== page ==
Last week we looked at the top tips in Pitching with Conviction. With the emphasis on problem solving we are hoping that you can see the difference in approach to bygone eras. In the 1992 movie Glengarry Glen Ross, Alec Baldwin schools the middle-aged men on how to sell. His instruction begins with derision, as he questions their masculinity and pelts them with profanities. From there, he moves to fear. “We’re adding a little something to this month’s sales contest,” he says, “As you all know, first prize is a Cadillac Eldorado. Anybody wants to see second prize?” He holds up a package. “Second prize’s a set of steak knives.” He pauses. Third prize is you’re fired. You get the picture?”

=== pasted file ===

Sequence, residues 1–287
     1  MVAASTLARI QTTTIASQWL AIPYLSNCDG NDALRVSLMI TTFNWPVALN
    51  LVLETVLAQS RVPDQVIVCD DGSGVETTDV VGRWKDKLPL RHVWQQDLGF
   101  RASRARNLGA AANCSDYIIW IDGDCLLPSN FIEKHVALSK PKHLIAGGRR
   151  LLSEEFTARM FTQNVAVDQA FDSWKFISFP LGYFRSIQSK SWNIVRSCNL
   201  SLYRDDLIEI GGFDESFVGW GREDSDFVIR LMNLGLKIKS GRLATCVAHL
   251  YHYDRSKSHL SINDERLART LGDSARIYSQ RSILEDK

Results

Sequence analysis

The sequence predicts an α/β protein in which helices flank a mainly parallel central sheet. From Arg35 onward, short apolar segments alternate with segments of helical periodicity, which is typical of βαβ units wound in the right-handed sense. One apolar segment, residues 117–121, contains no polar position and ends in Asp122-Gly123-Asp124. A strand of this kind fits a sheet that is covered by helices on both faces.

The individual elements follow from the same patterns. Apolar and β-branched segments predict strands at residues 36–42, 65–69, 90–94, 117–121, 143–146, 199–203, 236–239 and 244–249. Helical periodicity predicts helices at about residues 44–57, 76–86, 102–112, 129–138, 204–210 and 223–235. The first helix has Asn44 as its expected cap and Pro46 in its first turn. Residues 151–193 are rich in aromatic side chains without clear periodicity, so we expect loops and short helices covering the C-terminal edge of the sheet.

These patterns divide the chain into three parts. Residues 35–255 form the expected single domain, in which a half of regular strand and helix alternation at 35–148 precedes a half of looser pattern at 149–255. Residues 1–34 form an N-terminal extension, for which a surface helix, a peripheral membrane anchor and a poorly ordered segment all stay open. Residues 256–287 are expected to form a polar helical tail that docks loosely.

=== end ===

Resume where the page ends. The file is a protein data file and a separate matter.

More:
“A-B-C he explains. “A-always. B-be. C-closing. Always be closing.” This is he cornerstone of the sales cathedral. It’s simplicity makes it understandable, it’s alphabelticality makes it memorable. And it can be constructive advice, keeping sellers focused on a deal’s end even during its beginning and middle. Yet it’s prescription now seems as dated as the electric typewriters and Rolodex cards that dot the office in the movie.